2Lifting process BEFORE YOU LIFT Plan Your Route: Path clear? Trip hazards removed? Dry?Assess the Load: Too heavy? Can I use a hand truck or forklift? Can I slide it?WHEN YOU LIFTLift It Right: Position your body close to the object. Keep your back straight.Move It Right: Don't twist your back.Lower It Right: When you put the load down, bend your knees not your waist.GET HELP IF YOU NEED ITWork Together: Don't be a hero. Communicate with your partner!
3Plan ahead Size up the load: Can it be split into multiple loads?Smaller loads cause less strain on the back.Can you slide it rather then lift?Use material handling equipment if load is too heavy:ForkliftsHoistsDollies9b
4Plan aheadAvoid using lower rack for moderately heavy to heavy items or awkward items.Get help when lifting heavy, awkward, or long items.9a
5Basic rules of good lifting Size up the load before you lift.Can you lift a corner?Can you get to the item?Do you need to move somethingto gain better access?1a
6Basic rules of good lifting Bend your knees.Get a good hand hold.Center yourself over the load.Lift straight up - let your legs do the work.Don’t twist or turn.1b
7Basic rules of good lifting Have a clear path.Set the load down properly.Always push a cart or dolly.Get help for long loads.Split up heavy loads when you can.Pushing a load is easier on the back; easier to control.1c
8Never twist or turn when lifting Adds strain to the back’s discs, muscles, ligaments, tendons.Plan your lift to avoid awkward positions.Set load down if you’re losing your grip.Don’t twist and turn or juggle load to regain grip.Keep back as straight as possible.5a
9Carrying the load Ensure a clear path. Ensure a place where load can be set down.Check for stability of load.Can you get a good grip?6a
10Carrying the load Use mechanical equipment if load is too heavy. Get help if load is too heavy - lift at the same time to keep load balanced.6c
11Lowering the loadBend the knees to let leg muscles support the weight.Slowly lower it; do not drop the load.Avoid sudden movements.Lower the load at the same time if working with a partner.7a
12Awkward Lifting Lifts that are: Above the shoulders Below the knees At arms’ length
13Analysis tools The closer to the body the more Strength you have. L&I Lifting CalculatorOther tools:American Conference Group of Industrial Hygiene (ACGIH) Lifting Threshold Limit Value (TLV)National Institute of Occupational Safety & Health (NIOSH) Lifting Equation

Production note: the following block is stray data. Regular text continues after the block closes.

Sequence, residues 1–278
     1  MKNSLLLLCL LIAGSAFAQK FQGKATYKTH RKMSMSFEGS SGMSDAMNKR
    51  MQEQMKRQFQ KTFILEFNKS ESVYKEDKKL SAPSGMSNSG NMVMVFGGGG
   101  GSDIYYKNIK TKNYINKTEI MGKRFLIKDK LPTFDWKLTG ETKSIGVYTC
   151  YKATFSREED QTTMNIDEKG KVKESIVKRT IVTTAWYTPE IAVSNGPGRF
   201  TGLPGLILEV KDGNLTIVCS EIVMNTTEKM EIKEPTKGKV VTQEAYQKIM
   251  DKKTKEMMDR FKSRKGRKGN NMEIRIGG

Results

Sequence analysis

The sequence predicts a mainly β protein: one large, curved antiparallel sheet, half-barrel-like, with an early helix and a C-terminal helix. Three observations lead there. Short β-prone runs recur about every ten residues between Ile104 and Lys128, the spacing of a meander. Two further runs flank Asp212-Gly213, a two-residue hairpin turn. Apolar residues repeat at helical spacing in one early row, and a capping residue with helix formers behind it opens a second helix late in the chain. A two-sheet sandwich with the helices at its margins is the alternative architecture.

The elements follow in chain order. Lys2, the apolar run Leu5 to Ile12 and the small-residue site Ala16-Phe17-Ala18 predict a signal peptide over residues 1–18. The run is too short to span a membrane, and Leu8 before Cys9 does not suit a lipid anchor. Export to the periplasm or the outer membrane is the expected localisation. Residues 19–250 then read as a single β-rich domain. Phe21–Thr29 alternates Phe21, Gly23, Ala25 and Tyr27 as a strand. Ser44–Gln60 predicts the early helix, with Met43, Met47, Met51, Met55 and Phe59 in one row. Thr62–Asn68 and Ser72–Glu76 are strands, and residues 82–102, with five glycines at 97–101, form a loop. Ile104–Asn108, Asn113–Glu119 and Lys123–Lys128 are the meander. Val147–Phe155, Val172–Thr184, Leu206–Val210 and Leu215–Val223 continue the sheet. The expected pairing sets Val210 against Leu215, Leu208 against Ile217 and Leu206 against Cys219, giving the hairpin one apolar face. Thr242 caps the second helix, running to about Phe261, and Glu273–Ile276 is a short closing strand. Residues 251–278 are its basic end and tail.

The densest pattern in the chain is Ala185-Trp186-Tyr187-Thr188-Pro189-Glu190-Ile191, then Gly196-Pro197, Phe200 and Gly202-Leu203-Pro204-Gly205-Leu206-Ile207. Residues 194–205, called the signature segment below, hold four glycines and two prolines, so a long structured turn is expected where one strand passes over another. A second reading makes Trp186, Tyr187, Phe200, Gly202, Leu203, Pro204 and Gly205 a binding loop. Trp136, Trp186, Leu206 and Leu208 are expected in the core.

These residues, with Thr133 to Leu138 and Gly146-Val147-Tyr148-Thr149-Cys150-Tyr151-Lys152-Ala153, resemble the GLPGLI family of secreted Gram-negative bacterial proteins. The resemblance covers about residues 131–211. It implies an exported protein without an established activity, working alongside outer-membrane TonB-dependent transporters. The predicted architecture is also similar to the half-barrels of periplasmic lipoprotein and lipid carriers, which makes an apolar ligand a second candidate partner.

14Principles for reducing heavy lifting Reduce the weightIncrease the weight (to balance load)Use mechanical assistanceSlide instead of liftTeam lifting
15Reducing heavy lifting Reduce the weight of the loadWood pallet60 poundsPlastic pallet20 pounds
16Reducing heavy lifting Use mechanical assistancePneumatic conveyor
18Principles for reducing frequent lifting Use mechanical assistanceAvoid unnecessary liftingUse mobile storage shelvesList of principles to reduce frequent lifting (reducing duration of lifting will also be discussed later)
19Reducing frequent lifting Use mechanical assistance…… instead of lifting by hand
20Reducing frequent lifting Use mobile storage:Parts stay on racks as they move from one manufacturing process to the next.
21Principles for reducing awkward lifting/ Reaching Remove obstaclesSlide closerReduce shelf depthReduce package sizeUse mechanical assistanceTeam liftingList of principles to reduce awkward lifting – reachingAlong with object weight, lifting frequency and duration, the distance between the hands and the low back when lifting is one of the main factors in determining whether a lift is a hazard or not. The longer the reach required to lift an object, the more of a load it places on the low back and the greater the risk of injury.
22Reducing awkward lifting/ Reaching Slide objects closer“Homemade” hook for pulling small boxes to edge of shelf.
31Reducing awkward lifting/ Twisting Use conveyorsAllows boxes to be unloaded and checked in with minimal lifting
32Lifting techniques training Teach lifting techniques to employees:Training alone is not effective.Making changes to jobs and equipment is better.Making changes along with training is most effective.
33Lifting techniques training Job-specific, on-site, hands-on training is more effective than classroom.Have employees demonstrate proper lifting techniques before “graduating.”Being trained where they work, using the objects they typically lift and the equipment they use on the job helps employees to relate to what they’re being taught, rather than showing them a generic lifting video.Make sure that employees have learned what you’re trying to teach them by having each one of them demonstrate the lifting techniques properly before leaving the class. Follow-up with them to make sure they are able to use the techniques on the job.
34Other factors in back injuries Age of employeeImproper postures when sleeping, standing, sittingPhysical condition of employeeRepetitive motions10a
35Conclusion When lifting a box, think out of the box! Is there a better way?Don’t wait for someone to get injured before changinga job.Just because we have done it this way. Do we have tocontinue to use the same method to handle a loadingand unloading of materials?